For all the disputed facts in the Trayvon Martin case there is actually a fairly large amount of evidence which is undisputed. No one disagrees that George Zimmerman shot and killed Trayvon Martin. No one disputes that Martin was unarmed at the time of the shooting. Many homicide cases involve more serious questions of fact or intent. In this case the police have the weapon used in the killing. They have the body to prove that the victim did die. Prosecutors even have Zimmerman’s confession that he intended to kill Martin. The only way that Zimmerman should be able to escape prison time, or perhaps worse, is if he can prove that this was a justifiable homicide. However, as detailed below, there are a number of problems with Zimmerman’s self-defense claim.
Problem #1: The lack of a threat to Zimmerman
Zimmerman provided perhaps the most (*)(*)(*)(*)ing evidence against himself when he called the police dispatcher to report Trayvon Martin. Zimmerman claimed that Martin was suspicious simply because he was “walking” and “looking around.” Zimmerman never cites anything about Martin which could provide a threat to his person, or any other person. Subsequent reports showed that Martin was only carrying a bag of Skittles and a bottle of ice tea at the time. Zimmerman, on the other hand, was carrying a 9 mm handgun. Given those set of facts, it is hard to imagine how Zimmerman felt threatened enough to initiate the contact with Martin.
Since the story has exploded, Zimmerman’s attorney has claimed that Martin punched Zimmerman in the face and slammed his head into the sidewalk. Zimmerman’s attorney claims that at this point his client fired the weapon when fearing for his life. However, there are a number of problems with the story.
According to multiple reports, Zimmerman weighed 250 pounds compared to Martin, who weighed only 140 pounds. Will a jury really believe that Zimmerman was at such a physical disadvantage that he felt it necessary to use deadly force on Martin? The Florida statutes dealing with self-defense state that the person using deadly force must be in “imminent danger of death or great bodily harm.” In other words, Zimmerman must prove more than just that he was losing a fight to a boy nearly half his size. Zimmerman must prove that he feared death or great bodily harm, even though he did not seek medical attention at a hospital until a day after the alleged fight.
Problem #2: Zimmerman initiated the conflict
In the audio recording with police dispatchers Zimmerman was specifically told not to follow Trayvon Martin. Zimmerman said “OK” after being given that instruction. However, according to his own attorney’s claims, Zimmerman was first punched by Martin when he was outside of his truck. This evidence suggests that Zimmerman did step out of his car, and if anyone perceived a threat at this time it was likely Martin.
Martin was simply walking home at the time. According to Martin’s girlfriend Martin called her minutes before the shooting to complain about a strange man who was following him. Imagine how Martin felt being followed by an adult male nearly twice his size in a truck. Imagine how threatened Martin could have been when this "strange man" stepped out of his car with a visible gun holster. Under these circumstances, Martin may have reasonably feared imminent “death or great bodily harm.”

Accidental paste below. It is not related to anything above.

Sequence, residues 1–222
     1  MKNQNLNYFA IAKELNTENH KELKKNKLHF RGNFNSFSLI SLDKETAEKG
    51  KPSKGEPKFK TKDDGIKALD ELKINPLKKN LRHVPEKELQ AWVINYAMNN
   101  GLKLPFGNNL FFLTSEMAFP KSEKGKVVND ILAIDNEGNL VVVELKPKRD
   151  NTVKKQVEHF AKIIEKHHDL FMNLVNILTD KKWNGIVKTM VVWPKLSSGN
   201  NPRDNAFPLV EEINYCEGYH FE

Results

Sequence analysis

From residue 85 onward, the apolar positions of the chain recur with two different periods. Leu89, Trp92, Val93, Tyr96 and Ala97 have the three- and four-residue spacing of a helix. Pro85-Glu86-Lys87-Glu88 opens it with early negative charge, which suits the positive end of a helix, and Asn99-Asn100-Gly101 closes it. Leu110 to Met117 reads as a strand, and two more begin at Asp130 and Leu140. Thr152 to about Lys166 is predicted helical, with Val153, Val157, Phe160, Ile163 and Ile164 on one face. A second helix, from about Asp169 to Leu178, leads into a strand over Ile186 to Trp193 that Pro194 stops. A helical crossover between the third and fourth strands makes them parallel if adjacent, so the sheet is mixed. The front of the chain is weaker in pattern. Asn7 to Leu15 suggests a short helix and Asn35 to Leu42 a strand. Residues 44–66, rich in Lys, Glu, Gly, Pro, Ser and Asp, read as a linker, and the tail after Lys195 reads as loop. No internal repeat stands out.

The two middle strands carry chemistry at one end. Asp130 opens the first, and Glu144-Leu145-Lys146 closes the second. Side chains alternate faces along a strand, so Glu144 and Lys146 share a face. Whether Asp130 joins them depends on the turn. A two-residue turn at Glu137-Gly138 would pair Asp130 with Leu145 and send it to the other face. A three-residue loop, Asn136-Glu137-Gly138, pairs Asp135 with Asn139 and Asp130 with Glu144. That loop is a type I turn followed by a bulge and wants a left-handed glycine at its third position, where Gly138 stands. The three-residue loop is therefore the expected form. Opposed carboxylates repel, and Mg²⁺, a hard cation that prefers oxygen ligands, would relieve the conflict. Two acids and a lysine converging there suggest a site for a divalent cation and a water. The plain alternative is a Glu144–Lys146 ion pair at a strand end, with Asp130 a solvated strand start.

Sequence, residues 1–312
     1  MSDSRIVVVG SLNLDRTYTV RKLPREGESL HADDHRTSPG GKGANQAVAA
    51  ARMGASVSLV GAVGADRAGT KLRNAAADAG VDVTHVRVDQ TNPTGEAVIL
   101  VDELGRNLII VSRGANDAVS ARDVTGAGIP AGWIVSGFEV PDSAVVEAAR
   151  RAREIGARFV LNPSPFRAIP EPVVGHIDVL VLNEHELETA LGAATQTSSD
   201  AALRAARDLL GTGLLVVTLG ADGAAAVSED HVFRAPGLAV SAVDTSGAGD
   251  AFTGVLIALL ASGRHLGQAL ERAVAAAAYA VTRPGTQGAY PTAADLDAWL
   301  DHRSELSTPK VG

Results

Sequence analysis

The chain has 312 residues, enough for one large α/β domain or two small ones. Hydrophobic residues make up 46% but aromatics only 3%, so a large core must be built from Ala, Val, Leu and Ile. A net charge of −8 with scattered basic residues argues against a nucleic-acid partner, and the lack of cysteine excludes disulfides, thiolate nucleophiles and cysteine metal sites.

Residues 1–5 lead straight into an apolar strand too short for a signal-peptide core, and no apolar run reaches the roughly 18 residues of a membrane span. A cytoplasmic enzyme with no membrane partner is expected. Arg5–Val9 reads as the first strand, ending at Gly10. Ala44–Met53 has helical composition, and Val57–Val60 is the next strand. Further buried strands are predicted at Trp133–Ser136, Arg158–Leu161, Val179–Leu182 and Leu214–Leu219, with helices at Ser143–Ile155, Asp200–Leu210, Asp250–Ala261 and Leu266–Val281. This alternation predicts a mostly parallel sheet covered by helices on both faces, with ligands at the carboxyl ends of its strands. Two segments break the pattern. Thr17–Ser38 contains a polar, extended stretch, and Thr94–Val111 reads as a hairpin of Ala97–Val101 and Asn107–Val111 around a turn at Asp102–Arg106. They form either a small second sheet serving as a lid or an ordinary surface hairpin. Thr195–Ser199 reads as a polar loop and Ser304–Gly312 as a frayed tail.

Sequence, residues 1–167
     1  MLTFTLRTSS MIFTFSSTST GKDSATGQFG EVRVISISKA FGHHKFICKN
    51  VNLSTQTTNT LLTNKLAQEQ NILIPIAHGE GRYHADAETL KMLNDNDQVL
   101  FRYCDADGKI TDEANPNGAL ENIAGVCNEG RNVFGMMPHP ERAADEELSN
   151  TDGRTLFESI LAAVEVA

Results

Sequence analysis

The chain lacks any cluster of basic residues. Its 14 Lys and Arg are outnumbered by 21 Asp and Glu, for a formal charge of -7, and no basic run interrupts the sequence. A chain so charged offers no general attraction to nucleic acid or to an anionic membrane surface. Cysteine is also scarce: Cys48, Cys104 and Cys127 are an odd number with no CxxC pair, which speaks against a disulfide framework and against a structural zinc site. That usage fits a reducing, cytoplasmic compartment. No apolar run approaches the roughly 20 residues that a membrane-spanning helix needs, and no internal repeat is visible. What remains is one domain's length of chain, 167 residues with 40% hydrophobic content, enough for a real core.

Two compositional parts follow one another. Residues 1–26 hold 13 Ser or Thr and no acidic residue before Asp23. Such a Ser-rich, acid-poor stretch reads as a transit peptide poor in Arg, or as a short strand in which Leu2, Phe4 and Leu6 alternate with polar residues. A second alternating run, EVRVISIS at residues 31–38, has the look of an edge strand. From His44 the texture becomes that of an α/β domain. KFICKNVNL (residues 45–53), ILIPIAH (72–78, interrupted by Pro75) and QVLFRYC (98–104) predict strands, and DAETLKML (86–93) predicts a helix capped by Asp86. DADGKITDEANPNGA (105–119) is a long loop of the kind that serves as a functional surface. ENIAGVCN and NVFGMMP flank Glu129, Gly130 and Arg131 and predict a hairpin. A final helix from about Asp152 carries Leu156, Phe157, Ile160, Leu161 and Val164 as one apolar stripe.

Because he was arguably the original aggressor in the conflict, Florida Statute 776.041 will require a higher degree proof for Zimmerman to justify his use of deadly force. Specifically, Zimmerman will either have to prove that he feared “death or serious bodily” injury, but as covered before Zimmerman may have difficulty making the case.
In the alternative, Zimmerman could prove that he “indicated clearly” his intent to withdraw and terminate the use of force, but that the assailant (Martin in this hypothetical) continued his use of force. The problem with this defense is multiple witnesses who have said that it was Martin, not Zimmerman, who was crying for help at the time of the altercation.
Problem #3: The “stand your ground” law still required fear of death or serious bodily injury
Much has been made of Florida’s “stand your ground” law which is found in the Florida Statutes chapter 776.013. The law may or may not apply to Zimmerman. Zimmerman will still have to prove that he was not engaged in an “unlawful” activity when he shot Zimmerman. In addition, Zimmerman will have to prove that he was in a place where he had a “right to be” and had “no duty to escape” when he shot Martin.
Even if he proves these elements, the stand your ground law still does not allow someone like Zimmerman to use deadly force unless, once again, he reasonable fears death or serious bodily injury. The fear must be reasonable, not merely subjective based on some irrational thought process that Zimmerman may have had at the time.
In conclusion, everything goes back to Zimmerman’s mindset at the time of the shooting. If a jury believes that Zimmerman reasonably feared for his life at the time the shooting he could be found not guilty. However, it is hard to see how Zimmerman’s fear was reasonable when Martin was unarmed at the time, and when Zimmerman held a significant physical advantage over Martin.